2015 University City Sculpture Series

Have A Seat: Say, What's Good? by Madeline Marak, 2015 University City Sculpture Series. Photo by James Byard.

Posted by July 31, 2015


Now in its 29th year, the University City Sculpture Series gives WashU students the opportunity to propose and execute temporary site-specific installations in University City.
For the 2015 edition of the series, students were asked to develop proposals around the theme of "Citizen," honoring Sculpture Series founder Marvin Levy's vision that this collaborative project "explore ways to involve the citizens of a community in the processes and conversations of public art."

The 2015 University City Sculpture Series features the following four commissions, which will remain on view through the end of September unless otherwise noted.

Golden in Silver by Jonathan Berger, MFA16
Exhibition on view July 11-August 7 at University City Public Library

Citizen engagement is the focal point of Golden in Silver. Berger hosted numerous public events where University City citizens of all ages were invited to tell their stories and have their portraits taken using a tintype camera. These pictures and stories are featured in a summer exhibition at the University City Public Library, through the mail, and on the project’s website as a way of "beginning to recognize the gold of University City, its citizens."

Hands of Change by Sarah Hull, BFA15
Installed on Ackert Walkway near Ackert Park, 894 Leland Ave.

Hands of Change celebrates the activist role of citizens. The installation features concrete hands emerging from the ground along Ackert Walkway, holding large, semi-transparent historical photographs of activist moments in University City. "Activism requires a sense of ownership of one's community that goes
far beyond the role of a resident and forces a community to come together to respond to an issue," Hull said.

Have A Seat: Say, What's Good? by Madeline Marak, MFA16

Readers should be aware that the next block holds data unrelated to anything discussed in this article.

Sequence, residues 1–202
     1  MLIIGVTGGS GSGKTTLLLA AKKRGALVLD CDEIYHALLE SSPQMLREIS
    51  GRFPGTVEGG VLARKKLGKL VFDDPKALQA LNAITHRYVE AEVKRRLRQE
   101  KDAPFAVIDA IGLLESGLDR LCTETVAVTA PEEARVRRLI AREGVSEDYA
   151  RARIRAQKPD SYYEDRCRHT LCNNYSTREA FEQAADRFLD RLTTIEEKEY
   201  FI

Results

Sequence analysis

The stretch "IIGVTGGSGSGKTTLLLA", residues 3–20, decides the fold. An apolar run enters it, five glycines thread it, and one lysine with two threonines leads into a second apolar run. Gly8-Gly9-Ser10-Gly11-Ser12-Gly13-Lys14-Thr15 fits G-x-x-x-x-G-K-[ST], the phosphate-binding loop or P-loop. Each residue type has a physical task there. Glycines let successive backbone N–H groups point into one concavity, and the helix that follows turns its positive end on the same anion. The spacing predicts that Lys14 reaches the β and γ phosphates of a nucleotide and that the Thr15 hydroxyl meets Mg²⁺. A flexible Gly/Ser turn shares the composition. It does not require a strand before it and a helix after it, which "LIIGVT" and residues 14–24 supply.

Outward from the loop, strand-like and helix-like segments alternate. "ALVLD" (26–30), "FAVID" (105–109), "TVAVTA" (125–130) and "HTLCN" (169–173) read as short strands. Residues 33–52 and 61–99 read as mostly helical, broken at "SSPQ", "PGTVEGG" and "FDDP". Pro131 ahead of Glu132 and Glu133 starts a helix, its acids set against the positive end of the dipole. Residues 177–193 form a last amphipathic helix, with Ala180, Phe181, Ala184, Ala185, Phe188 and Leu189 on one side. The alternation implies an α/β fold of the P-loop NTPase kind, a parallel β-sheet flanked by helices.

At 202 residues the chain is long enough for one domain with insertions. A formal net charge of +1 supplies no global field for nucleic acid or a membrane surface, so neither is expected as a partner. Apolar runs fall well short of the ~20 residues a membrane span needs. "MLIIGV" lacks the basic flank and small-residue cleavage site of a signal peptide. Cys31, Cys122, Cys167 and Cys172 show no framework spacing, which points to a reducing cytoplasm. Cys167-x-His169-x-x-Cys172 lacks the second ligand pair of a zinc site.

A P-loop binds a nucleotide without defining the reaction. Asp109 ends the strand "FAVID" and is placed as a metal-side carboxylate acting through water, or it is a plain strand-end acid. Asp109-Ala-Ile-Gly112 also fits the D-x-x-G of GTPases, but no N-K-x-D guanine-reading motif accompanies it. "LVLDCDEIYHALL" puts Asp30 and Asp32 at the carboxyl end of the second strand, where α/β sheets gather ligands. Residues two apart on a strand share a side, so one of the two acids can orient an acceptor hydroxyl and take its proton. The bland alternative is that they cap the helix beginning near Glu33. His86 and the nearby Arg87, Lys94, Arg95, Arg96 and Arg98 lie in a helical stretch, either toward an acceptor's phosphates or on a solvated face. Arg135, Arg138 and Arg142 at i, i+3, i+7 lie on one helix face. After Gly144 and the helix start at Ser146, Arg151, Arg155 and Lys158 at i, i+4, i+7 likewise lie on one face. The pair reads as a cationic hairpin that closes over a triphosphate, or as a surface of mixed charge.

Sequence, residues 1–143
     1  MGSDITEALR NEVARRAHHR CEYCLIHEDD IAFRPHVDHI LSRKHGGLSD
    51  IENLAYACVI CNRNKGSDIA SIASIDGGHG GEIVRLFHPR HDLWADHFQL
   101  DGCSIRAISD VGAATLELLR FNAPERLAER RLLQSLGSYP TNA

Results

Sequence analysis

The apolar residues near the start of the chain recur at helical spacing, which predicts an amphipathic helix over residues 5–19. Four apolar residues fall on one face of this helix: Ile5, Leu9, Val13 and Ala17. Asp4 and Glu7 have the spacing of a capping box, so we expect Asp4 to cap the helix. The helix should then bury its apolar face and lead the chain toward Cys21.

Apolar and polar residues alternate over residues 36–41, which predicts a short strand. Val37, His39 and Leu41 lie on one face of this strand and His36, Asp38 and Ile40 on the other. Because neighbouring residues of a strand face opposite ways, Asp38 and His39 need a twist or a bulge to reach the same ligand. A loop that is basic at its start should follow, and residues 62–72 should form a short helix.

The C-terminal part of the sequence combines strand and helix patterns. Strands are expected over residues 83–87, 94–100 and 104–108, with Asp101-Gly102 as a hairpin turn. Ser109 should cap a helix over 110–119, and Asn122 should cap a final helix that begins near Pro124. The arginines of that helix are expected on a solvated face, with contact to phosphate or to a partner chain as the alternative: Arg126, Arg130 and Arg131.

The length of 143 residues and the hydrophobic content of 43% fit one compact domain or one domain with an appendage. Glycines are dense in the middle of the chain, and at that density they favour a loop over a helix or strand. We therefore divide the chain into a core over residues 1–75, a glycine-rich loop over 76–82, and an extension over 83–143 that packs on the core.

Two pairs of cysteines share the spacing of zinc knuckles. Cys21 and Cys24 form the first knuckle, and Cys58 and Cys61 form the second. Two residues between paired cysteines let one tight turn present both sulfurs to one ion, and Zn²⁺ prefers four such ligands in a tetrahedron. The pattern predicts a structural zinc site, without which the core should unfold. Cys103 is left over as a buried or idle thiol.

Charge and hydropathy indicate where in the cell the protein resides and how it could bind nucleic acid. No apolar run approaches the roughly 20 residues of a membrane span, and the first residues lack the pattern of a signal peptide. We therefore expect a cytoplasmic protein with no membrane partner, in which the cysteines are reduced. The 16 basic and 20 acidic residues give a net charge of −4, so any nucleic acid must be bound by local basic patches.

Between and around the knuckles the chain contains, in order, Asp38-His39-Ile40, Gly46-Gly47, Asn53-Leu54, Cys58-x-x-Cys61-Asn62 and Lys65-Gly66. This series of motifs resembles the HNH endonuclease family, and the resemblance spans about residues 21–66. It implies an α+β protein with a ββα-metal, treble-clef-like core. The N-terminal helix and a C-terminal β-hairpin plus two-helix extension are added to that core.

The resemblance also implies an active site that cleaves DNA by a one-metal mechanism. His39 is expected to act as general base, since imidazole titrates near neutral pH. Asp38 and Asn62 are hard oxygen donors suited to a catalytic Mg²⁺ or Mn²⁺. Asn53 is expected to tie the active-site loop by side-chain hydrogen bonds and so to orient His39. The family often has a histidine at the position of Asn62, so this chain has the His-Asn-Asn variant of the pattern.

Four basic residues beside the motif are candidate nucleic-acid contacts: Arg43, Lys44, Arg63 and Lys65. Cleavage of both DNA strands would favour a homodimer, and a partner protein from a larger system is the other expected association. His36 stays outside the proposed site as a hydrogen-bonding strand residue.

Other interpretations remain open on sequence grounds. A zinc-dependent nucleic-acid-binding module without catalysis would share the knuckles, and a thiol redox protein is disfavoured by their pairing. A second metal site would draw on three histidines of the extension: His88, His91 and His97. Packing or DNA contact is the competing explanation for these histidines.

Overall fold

Installed in Millar Park, 7603 Carleton Ave.

Marak's research into the use of public spaces brought to light the responsibility citizens can come to feel about the spaces they frequent. Have A Seat: Say, What's Good consists of a colorful outdoor living room space that provides an unexpected but comfortable setting where community members can interact with one another. She believes that "as citizens, we don't always get to choose where we live, but we can choose how we live in that place."

Stockade by Jared Stein
Installed on Delmar Blvd. near Craft Alliance (6640 Delmar Blvd.)

Stockade reflects Stein's belief that "to be a citizen is to enter into a social contract with a given community." It looks at what happens when the community feels this contract has been broken, through a monument consisting of a large transparent Plexiglass stockade. Sited in the area west of Craft Alliance, the piece matches the traditional placement of the stockade—a central and heavily trafficked public space—and, according to Stein, should represent "the transparency of the modern judicial system and serve as a symbol of the social contract between citizens and the agents of the judiciary."


Funding for the Universty City Sculpture Series is provided in part by the Marvin Levy Family, the City of University City, and the Regional Arts Commission of St. Louis.